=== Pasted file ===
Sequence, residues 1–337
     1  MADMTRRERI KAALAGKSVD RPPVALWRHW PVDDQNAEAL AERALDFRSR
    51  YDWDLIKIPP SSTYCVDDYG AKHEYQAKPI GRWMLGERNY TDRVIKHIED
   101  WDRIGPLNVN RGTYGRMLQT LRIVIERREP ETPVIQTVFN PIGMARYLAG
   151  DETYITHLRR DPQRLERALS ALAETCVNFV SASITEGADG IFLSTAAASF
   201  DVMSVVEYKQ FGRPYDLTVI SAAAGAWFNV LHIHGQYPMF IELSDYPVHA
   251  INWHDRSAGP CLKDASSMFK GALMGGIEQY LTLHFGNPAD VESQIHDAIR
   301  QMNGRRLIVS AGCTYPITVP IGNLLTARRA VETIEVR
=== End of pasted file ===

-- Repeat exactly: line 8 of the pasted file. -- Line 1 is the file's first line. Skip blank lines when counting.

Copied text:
   301  QMNGRRLIVS AGCTYPITVP IGNLLTARRA VETIEVR